First Look: The 2018 Scott Ge­nius

Onto the trails of Aosta Val­ley with the new ma­chine

Canadian Cycling Magazine - - IN DEPTH - By Matt Stet­son

When I heard Scott was re­leas­ing a new ver­sion of its Ge­nius, I was ex­pect­ing a new 170-mm-travel en­duro-fo­cused bike equipped for all the chal­lenges of the En­duro World Se­ries. When I ar­rived in Aosta Val­ley, Italy, this past June, Scott re­vealed that it had some­thing else in mind: a 150-mm all­moun­tain trail bike ready to take on epic all-day back­coun­try and trail ad­ven­tures. So I took the chin bar off of my hel­met and swapped my knee pads for a pack filled with snacks, be­fore my group set off to pedal up a moun­tain and drop down the other side of it. As I weaved my way up the ac­cess-road switch­backs and tried my best not to bug any of the cows scat­tered through­out the coun­try­side, I was very happy that Scott out­fit­ted the new Ge­nius with a 110-mm climb­ing mode, which isn’t the same as a full lock­out. With the push of a but­ton, Scott’s Twin­loc lim­its the Fox Nude evol rear shock to 110 mm of the to­tal 150 mm of travel avail­able. It also re­duces the amount of sag of­fered by the shock – which gives the you a bet­ter po­si­tion for climb­ing – as well as si­mul­ta­ne­ously firm­ing up the fork’s valv­ing. As you climb, you still have 110 mm of travel, which soaks up small bumps, help­ing you main­tain trac­tion on steep tech­ni­cal as­cents. I liked this fea­ture. By the time we reached the summit – an hour and a half ride with a short hike-a-bike – I barely needed to dip my head in a high-moun­tain pond to cool my­self off. I did sub­merge my head into the wa­ter, but not just to cool off from the climb. I wanted to snap my senses to full at­ten­tion for the 2,000 m of de­scend­ing that was about to hap­pen. Aosta Val­ley is home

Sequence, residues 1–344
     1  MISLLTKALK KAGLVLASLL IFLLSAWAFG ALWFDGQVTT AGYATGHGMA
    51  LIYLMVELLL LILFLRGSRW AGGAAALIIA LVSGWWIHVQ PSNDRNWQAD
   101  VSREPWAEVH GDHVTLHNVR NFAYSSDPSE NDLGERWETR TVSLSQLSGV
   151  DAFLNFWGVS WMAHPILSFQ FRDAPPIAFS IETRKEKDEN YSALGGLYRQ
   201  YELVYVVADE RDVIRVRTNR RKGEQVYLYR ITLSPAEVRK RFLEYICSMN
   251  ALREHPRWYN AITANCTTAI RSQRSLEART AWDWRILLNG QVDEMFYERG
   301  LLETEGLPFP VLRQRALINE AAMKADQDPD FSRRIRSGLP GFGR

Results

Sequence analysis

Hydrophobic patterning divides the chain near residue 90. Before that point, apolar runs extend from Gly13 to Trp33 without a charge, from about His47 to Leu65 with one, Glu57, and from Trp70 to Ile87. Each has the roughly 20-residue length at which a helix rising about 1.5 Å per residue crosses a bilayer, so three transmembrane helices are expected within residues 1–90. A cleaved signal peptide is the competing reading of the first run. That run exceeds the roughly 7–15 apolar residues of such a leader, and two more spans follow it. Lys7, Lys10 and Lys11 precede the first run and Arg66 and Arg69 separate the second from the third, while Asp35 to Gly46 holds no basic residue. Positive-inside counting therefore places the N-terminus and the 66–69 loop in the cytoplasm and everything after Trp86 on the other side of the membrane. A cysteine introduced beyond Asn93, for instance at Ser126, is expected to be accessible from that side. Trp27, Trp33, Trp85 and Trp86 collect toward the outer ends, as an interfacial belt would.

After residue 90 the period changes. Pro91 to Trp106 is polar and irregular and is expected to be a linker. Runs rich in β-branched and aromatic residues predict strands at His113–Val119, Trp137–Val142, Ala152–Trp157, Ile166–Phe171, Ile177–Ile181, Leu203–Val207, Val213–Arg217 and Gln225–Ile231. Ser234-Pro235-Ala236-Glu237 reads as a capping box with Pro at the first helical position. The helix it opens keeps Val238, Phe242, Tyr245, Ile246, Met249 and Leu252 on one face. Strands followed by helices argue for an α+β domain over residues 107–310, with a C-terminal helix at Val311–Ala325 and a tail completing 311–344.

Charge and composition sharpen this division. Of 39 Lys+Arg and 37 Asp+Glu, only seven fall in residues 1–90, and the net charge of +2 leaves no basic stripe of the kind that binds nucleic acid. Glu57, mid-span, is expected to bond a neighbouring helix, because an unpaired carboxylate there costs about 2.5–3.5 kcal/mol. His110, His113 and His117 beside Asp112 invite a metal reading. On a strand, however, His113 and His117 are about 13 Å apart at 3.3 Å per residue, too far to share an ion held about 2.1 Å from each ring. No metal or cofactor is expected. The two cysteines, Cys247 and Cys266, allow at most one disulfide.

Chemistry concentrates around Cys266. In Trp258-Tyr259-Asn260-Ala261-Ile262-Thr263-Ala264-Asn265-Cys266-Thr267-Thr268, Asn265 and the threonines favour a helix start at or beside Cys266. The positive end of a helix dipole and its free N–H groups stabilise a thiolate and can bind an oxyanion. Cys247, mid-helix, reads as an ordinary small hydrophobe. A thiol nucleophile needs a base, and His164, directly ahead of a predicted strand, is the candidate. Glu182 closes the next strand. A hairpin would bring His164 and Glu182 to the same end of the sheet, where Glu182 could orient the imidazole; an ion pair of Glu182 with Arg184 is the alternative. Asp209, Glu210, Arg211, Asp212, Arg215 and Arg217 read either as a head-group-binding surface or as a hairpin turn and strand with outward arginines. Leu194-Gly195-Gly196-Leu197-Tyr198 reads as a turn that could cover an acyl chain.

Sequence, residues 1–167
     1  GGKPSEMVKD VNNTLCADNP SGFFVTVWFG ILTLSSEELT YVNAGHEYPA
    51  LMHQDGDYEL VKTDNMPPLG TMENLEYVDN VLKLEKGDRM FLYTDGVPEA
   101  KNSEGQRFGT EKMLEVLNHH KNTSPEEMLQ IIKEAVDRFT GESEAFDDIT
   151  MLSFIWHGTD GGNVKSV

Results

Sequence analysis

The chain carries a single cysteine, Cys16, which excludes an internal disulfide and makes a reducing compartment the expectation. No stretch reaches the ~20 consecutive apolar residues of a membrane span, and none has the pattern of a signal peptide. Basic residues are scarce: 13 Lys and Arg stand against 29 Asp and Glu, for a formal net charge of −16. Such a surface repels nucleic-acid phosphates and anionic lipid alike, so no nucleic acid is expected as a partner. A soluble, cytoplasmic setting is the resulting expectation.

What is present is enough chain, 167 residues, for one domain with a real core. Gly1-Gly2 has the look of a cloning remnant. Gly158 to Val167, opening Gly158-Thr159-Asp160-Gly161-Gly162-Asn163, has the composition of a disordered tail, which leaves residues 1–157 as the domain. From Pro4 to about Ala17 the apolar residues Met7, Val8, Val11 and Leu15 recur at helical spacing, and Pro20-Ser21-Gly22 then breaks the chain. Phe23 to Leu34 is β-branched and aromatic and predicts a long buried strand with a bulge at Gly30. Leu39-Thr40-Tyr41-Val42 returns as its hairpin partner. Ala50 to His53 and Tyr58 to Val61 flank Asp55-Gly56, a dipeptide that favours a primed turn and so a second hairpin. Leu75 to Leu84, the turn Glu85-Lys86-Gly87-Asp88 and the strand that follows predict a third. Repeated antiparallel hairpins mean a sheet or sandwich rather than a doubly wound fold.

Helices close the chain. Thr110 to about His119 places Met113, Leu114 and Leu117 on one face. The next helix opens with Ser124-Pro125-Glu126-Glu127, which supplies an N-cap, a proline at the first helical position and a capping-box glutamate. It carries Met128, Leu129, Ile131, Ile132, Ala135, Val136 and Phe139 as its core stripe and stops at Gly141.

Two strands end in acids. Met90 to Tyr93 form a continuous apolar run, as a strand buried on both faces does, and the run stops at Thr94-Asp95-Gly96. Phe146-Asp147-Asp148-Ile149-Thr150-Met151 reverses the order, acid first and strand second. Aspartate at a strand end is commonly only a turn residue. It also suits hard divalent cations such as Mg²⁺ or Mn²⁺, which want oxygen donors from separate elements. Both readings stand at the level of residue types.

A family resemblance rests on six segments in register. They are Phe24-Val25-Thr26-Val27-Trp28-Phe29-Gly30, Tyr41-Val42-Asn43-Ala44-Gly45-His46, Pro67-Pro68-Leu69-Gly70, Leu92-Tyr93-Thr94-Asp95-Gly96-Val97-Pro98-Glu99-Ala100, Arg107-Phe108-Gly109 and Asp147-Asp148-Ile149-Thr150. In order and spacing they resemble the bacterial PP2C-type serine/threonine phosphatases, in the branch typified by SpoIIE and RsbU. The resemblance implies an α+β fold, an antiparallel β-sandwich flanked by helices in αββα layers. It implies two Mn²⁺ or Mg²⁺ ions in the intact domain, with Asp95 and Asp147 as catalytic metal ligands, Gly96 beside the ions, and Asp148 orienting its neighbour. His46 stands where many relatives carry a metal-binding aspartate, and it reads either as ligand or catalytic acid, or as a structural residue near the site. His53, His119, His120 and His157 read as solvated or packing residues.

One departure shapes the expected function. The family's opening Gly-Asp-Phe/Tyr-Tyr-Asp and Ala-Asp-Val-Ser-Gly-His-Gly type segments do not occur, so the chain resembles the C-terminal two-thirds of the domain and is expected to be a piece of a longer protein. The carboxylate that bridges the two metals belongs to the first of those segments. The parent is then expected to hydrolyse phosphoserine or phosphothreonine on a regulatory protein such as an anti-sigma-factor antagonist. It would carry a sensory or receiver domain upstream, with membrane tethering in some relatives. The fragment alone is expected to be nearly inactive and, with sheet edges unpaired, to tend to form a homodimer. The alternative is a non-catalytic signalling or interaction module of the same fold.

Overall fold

to some of the best trails in the world. I was ex­cited to see how the Ge­nius would per­form when pointed down­hill be­cause that is truly what the bike is all about. With a head-tube an­gle set at 65.6 de­grees and equipped with house-brand Syn­cros in­te­grated Hixon car­bon bar (with 50-mm reach and 760-mm width), the Ge­nius puts you in a good po­si­tion for de­scend­ing. The sus­pen­sion does a great job of deal­ing with smaller bumps, es­pe­cially with the 29" wheels, al­low­ing you to cor­ner or make ad­just­ments to your line even when things get choppy. On big­ger hits that use up the most of the travel, the Ge­nius does a great job of main­tain­ing a pro­gres­sive travel feel, which helps you re­cover quickly in­stead of be­ing bounced all over the trail. A few times when I en­tered rocky sec­tions too quickly, the sus­pen­sion re­mained ac­tive. The same was true for heavy brak­ing. In both of those sit­u­a­tions, I was able to stay in con­trol in­stead of need­ing to eject. When you choose a less-than-ideal line, the Ge­nius can save you from dis­as­ter, which re­ally in­spires con­fi­dence and en­cour­ages you to push your lim­its. With the bike hav­ing such a light­weight build, it’s easy to throw around and might even be up for a few bike-park laps.

Af­ter climb­ing up a moun­tain and plum­met­ing down the other side, it’s safe to say Scott has a win­ner with the new Ge­nius. If you’re not into tak­ing the lift or shut­tles, but still like to play in the steep and rough stuff, the Ge­nius might be the best way to get you there.

“When you choose a less-than-ideal line, the Ge­nius can save you from dis­as­ter, which re­ally in­spires con­fi­dence and en­cour­ages you to push your lim­its.”

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